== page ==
Same-sex marriage vote: Aussies reportedly have until August 24 to register

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Lesbians
Roxana Ortiz and Virginia Gomez show their rings after celebrating their civil union, which is legal for the first time in the country, at Santiago city, Chile, October 22, 2015. Reuters/Ivan Alvarado

Aussies are given 14 days to register to be part of the same-sex marriage postal vote. The Australian Bureau of Statistics (ABS) will reportedly make an announcement that those not yet on the electoral roll have until August 24 to register with the Australian Electoral Commission.

Acting Special Minister of State Mathias Cormann has stated through the ABC's RN program that the government wanted to give Australians as much time as possible to register and voice their say. He assured that the government will be working closely with the ABS in order to ensure the process is fair.

"This is now going to be a matter for the ABS to determine," Senator Cormann said. The process will run with ballot papers going to every enrolled Aussie starting next month and will be returned by November 7. A result is slated on November 25.

Same-sex marriage on play

From Thursday, all Australians who are not yet registered have 14 days to enrol to vote. This applies to those who are already enrolled but needs to update their details since the last election.

The Parliament may be given a chance to vote later this year. However, there is no assurance that it will happen and MPs will not be bound by the result of the postal survey.

Advocates of same-sex marriage including Independent MP Andrew Wilkie have already launched a court challenge against the voluntary postal survey. Meanwhile, Labor Senator Penny Wong told the Senate that Aussie kids would be "exposed to hatred" by the push for a public vote.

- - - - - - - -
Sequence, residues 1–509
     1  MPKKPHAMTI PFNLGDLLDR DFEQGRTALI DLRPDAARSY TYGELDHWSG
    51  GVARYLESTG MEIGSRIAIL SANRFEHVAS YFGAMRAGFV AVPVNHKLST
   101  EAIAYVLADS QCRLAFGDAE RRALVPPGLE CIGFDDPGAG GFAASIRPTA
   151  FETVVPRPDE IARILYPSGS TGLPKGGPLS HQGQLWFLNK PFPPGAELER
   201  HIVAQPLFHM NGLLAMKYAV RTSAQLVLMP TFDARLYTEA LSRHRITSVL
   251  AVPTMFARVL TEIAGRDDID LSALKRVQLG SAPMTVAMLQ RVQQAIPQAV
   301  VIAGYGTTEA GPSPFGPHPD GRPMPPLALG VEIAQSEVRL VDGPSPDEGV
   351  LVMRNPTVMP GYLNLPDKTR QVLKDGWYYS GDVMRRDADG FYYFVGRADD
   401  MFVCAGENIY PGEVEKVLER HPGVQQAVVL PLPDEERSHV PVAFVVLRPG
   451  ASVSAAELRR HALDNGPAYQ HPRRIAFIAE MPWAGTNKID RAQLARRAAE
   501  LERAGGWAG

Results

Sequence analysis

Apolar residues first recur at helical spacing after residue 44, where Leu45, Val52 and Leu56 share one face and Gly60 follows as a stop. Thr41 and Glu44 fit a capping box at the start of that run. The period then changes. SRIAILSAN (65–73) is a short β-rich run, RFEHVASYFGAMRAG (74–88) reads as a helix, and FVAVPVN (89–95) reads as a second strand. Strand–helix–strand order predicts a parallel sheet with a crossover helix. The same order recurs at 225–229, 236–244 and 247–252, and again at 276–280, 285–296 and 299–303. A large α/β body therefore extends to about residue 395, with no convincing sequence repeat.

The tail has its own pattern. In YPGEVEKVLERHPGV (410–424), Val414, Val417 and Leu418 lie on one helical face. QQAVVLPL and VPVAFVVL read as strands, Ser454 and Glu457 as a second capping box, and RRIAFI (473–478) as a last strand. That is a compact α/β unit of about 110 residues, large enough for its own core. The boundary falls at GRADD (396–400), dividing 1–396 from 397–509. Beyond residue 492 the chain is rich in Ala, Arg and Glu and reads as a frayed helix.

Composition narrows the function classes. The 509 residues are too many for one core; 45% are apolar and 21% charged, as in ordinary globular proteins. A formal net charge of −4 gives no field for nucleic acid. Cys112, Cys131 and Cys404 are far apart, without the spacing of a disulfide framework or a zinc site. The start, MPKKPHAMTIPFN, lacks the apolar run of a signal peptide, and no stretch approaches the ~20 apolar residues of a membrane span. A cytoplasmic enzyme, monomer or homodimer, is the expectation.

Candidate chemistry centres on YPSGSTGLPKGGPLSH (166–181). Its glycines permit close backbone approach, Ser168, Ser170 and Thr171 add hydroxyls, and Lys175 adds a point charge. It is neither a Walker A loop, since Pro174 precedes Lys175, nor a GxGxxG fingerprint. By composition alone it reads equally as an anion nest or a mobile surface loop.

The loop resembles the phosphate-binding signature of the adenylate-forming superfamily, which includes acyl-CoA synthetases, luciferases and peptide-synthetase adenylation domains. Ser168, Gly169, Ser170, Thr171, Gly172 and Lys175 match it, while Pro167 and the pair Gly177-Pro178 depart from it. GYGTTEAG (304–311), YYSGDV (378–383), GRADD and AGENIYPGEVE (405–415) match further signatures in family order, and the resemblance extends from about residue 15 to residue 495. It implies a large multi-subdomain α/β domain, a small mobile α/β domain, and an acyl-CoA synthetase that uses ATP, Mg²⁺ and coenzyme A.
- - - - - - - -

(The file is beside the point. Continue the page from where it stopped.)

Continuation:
Doubts on ABS’ role

The Community and Public Sector Union (CPSU), the union representing ABS employees, has expressed concern about the department’s ability to manage the postal vote. CPSU deputy secretary Melissa Donnelly said that ABS is already facing massive pressure and struggling with its core functions following two rounds of job cuts.

"The Government's argument that this situation is nothing new because of the national anthem poll run by the ABS in 1974 is ridiculous,” Donnelly said. She argued that a postal plebiscite is an entirely different process.

Constitutional law experts raised concerns about whether the result of a voluntary postal survey could be trusted. Professor George Williams said there were experts in Australia whose job is to run sensitive national votes, and ABS is not one of them, as it is a body that has different sets of functions.

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